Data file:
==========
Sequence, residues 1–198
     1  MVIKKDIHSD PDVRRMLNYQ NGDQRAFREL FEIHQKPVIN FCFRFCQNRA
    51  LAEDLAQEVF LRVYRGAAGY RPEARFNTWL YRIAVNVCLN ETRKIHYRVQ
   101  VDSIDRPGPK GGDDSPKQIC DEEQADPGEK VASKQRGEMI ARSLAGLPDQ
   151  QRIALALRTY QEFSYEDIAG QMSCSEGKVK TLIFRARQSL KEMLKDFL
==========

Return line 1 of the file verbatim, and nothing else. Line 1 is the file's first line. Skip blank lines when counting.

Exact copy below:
Sequence, residues 1–198